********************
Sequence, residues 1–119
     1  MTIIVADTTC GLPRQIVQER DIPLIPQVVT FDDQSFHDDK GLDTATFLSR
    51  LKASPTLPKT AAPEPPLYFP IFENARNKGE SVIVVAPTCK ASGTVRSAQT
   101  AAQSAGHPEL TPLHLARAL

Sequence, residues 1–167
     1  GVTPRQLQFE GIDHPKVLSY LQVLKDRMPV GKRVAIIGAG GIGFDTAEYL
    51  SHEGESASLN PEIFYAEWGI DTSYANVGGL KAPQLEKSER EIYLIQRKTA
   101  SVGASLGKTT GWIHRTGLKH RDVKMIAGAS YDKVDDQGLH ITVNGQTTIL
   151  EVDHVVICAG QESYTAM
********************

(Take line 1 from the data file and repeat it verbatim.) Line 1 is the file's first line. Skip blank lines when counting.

Sequence, residues 1–119